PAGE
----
Page 4, 28th February 1975

28th February 1975
Page 4
Page 4, 28th February 1975 — Debate on infallibility

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Organisations: Holy Office
People: Kung, Leonard Feeney
Locations: Rome


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Debate on infallibility

The effect of the Doctrinal Congregation's declaration depends very much on how it is interpreted by the Church at large. At one extreme it could be regarded as merely underlining the obvious. After all, the whole point of Kung's hook "Infallible?" was the impossible dilemma he found himself in by rigorously following to its logical conclusion the traditional Roman understanding of infallibility.

At the other extreme, the declaration could be seen as encouraging a witch-hunt among Catholic theologians and intellectuals. But, if this is to be the result, we should at least hope that any such witch-hunt will not be motivated by any desire to prevent confusion among the simple faithful.

For the plain fact of the matter is that on questions like infallibility the simple faithful are far more confused than any theologian could ever make them, It is revealing that a survey conducted in West Germany in 1967 found that 55 per cent of all Catholics, and even 44 per cent of practising Catholics, held that "the Pope cannot be infallible because he is only a human being." A further 11 per cent of all Catholics (and an alarming 14 per cent of practising Catholics) thought the Pope was infallible every time he made a public statement.

Quite apart from this, the position Kung adopted in "Infallible?" is clearly open to criticism. It could crudely be paraphrased by saying that, while the Church is indeed indefectible in the truth, this indefectibility can never be pinned down in action To answer Kung's critique it is no use simply referring to the definitions of Vatican I and Vatican II. An undergtanding of the Church's infallibility has to be worked out that does not gloss over the all too frequent occasions when the Church has committed itself to something later generations of Christians see as wrong.

In 1949, for example, the American Jesuit Fr Leonard Feeney was condemned for holding the maxim that there is no salvation outside the Church in precisely the same sense as it was held by St Cyprian of Carthage when he enunciated it in AD 251.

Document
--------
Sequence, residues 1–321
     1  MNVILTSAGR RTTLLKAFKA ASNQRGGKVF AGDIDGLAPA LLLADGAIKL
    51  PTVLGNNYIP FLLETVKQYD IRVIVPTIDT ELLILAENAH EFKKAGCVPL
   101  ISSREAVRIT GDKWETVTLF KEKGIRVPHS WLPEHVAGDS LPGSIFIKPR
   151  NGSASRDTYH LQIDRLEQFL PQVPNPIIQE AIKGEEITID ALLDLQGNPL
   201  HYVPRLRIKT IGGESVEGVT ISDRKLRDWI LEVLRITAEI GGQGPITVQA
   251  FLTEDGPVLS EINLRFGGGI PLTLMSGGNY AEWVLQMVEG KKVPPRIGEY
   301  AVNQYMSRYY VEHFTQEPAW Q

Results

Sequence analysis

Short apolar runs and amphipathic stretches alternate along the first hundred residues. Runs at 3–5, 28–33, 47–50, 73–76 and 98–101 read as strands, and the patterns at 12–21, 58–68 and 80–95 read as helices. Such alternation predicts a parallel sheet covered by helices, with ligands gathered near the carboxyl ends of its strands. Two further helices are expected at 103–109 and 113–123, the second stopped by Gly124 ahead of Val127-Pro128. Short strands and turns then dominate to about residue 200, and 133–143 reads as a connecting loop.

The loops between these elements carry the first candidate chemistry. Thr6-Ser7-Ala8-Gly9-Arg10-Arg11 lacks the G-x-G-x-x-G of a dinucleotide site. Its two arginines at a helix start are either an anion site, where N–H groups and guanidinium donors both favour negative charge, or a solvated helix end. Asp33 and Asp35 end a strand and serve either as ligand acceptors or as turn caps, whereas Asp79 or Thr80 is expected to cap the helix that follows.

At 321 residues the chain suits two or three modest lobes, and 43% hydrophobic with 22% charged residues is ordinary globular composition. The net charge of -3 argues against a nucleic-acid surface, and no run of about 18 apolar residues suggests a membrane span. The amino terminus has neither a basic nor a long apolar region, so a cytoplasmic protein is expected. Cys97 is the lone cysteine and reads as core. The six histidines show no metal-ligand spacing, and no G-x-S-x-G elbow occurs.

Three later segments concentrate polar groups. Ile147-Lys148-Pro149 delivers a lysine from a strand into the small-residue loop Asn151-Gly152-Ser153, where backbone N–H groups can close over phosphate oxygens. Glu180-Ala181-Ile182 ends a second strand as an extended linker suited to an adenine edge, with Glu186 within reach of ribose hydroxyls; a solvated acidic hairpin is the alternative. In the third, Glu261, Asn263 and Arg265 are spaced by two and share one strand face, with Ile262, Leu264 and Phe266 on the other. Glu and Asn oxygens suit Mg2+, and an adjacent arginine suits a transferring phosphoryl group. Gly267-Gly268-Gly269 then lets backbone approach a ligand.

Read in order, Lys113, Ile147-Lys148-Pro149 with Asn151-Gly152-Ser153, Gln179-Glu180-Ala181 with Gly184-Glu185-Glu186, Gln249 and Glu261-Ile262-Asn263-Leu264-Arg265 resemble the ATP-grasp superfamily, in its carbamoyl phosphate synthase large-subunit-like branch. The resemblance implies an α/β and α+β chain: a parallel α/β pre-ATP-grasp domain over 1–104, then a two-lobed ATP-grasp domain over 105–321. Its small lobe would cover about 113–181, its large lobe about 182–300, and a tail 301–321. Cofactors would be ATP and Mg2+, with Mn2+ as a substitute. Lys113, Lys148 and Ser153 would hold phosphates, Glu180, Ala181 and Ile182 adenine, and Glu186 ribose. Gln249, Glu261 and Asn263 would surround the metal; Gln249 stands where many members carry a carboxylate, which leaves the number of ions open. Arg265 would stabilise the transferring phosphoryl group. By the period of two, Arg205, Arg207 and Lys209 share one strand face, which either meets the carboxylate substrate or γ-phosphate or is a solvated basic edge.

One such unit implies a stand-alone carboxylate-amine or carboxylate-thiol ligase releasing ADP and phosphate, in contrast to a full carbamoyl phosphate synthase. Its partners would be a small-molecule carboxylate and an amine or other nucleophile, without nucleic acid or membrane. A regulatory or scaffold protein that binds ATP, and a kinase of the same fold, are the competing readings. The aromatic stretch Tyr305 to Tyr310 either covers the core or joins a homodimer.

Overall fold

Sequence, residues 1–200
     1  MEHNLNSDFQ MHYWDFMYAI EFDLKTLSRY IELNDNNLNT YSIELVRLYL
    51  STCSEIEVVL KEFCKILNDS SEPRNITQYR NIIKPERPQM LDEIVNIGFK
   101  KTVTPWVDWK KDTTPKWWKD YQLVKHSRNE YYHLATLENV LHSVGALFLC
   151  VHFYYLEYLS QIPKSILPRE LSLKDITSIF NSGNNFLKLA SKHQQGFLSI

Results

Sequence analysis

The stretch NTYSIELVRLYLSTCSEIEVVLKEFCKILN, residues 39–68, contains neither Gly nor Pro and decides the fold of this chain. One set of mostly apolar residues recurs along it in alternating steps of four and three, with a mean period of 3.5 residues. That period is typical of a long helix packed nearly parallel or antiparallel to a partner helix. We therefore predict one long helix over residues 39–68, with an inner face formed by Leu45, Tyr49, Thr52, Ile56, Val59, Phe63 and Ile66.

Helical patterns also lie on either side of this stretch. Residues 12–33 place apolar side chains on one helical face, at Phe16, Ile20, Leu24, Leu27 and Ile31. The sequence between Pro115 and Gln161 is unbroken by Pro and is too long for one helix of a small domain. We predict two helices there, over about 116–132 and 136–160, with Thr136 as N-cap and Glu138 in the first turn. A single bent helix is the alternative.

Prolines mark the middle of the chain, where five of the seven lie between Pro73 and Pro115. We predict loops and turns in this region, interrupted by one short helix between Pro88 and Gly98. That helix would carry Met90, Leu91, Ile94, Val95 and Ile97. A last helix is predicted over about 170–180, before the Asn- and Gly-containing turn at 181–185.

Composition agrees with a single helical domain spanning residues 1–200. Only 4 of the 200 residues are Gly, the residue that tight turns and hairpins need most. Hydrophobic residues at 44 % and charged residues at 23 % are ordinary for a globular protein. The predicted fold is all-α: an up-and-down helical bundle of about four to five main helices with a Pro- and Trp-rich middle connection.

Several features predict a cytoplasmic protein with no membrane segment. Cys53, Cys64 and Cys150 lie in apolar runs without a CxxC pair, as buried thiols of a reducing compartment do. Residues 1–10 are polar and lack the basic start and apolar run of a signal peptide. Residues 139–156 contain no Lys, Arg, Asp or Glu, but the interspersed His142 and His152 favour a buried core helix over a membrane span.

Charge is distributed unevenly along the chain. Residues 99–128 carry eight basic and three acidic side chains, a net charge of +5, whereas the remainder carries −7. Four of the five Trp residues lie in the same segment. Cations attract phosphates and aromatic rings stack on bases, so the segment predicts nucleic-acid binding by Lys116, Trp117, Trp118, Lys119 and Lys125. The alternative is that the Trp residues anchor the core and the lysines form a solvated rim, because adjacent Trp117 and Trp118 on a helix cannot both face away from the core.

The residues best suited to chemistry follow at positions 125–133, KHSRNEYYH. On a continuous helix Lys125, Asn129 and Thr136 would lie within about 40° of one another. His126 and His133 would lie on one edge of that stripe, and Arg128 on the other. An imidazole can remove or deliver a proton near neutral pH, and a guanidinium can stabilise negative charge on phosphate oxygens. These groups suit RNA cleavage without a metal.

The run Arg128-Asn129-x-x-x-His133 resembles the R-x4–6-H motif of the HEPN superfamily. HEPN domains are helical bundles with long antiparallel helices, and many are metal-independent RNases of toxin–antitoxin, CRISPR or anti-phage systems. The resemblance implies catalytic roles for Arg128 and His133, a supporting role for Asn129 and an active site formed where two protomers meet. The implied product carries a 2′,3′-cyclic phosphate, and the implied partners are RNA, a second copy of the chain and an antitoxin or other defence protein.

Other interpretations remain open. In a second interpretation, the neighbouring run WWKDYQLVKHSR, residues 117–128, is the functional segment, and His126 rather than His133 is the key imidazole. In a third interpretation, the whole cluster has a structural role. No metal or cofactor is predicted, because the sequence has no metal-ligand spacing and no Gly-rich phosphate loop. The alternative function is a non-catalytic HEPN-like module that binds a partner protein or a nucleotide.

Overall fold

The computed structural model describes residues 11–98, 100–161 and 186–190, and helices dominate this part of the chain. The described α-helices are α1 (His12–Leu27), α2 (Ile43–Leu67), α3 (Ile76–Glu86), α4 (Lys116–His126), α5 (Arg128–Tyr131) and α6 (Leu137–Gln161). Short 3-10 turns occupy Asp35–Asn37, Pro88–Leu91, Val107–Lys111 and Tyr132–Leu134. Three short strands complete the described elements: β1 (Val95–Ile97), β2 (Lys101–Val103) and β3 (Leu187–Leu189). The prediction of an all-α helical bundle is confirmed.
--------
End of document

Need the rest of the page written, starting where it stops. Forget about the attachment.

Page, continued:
An even morerecent change of understanding concerns the origin of mankind. Until very recent years Catholics were considered to be bound to believe that the human race originated from a single pair.

In this way, the prOblem of reconciling continuity and change lies at the heart of the infallibility debate which Rome has now revived by means of the former Holy Office's declaration.

The other two points raised by the declaration do not really enter into the discussion. In describing his views on the Church's teaching authority as "another error which seriously affects Professor Kung's teaching," the Doctrinal Congregation does not specify what it has in mind but merely falls back on brief quotations from Vatican II to indicate what it claims Kung is not saying. Considering the seriousness of the charges being made, this is just not good enough.

And it has laid itself open to criticism by specifically finding fault with Kung's suggestion that in an emergency situation a valid Eucharist could be celebrated by someone not ordained to the priesthood, a view which, it says, cannot be reconciled with the teaching of the Fourth Lateran and Second Vatican Councils (a strange combination. of authorities).

In fact, in his book "The Church," Kung did not so much "suggest" this as put it forward as a group of "at least debatable questions."

It is something that has in fact happened at least once in the Church's history. Towards the end of the 18th Century, the first Korean Christians found themselves totally cut off from the outside world apart from the annual embassy to Peking thanks to which the first of their number had been converted.

In this situation of complete isolation they appointed and ordained their own bishop, priests and deacons so as to be able to exist as a Church centred on the celebration of the Eucharist.

In view of the widely accepted theological maxim that God is not bound by his sacraments, most theologians would regard the validity of this kind of "lay" ordination and "lay" Eucharist as among "at least debatable questions" and to suggest otherwise is surely rash, temerarious, scandalous and offensive to pious ears.

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